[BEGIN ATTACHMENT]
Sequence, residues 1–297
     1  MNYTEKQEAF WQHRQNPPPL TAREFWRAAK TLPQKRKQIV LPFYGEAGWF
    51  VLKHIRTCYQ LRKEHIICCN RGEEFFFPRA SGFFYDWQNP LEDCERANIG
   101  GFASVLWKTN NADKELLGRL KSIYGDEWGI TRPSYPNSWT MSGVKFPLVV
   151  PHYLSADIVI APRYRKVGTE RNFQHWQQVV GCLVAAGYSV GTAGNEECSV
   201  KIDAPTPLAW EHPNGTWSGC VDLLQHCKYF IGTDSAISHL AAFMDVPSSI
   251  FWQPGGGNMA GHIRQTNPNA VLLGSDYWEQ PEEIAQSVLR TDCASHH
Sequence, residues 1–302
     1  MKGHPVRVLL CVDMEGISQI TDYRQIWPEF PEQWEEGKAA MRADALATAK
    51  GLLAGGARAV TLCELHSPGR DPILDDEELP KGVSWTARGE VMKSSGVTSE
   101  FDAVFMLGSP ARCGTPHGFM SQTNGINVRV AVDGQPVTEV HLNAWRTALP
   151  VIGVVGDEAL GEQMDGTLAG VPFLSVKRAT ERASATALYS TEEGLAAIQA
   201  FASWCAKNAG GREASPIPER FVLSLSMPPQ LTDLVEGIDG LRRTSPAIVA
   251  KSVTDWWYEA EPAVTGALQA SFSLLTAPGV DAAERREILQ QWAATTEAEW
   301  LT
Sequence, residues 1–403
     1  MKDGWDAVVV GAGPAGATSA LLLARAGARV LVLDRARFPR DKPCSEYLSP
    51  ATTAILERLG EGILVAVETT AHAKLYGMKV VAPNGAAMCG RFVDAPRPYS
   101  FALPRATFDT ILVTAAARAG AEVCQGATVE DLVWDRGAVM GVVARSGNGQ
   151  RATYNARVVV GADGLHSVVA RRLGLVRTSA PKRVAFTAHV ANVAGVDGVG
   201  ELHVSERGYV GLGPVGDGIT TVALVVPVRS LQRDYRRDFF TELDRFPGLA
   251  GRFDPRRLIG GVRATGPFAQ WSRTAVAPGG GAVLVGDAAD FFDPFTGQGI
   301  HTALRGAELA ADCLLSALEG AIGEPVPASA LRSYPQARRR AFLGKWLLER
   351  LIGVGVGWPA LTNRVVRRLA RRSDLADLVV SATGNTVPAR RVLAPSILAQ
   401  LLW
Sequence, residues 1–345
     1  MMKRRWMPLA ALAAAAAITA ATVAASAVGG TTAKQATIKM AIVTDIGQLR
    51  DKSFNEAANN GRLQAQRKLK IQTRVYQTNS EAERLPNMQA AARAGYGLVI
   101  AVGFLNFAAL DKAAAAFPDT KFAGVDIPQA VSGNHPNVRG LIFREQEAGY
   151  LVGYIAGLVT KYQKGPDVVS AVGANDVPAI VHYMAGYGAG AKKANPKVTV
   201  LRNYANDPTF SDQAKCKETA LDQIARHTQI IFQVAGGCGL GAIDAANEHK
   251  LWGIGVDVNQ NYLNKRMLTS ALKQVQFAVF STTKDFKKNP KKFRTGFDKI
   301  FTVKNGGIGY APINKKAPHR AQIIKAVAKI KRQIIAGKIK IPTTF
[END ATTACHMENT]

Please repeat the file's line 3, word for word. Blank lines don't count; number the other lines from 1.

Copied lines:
    51  VLKHIRTCYQ LRKEHIICCN RGEEFFFPRA SGFFYDWQNP LEDCERANIG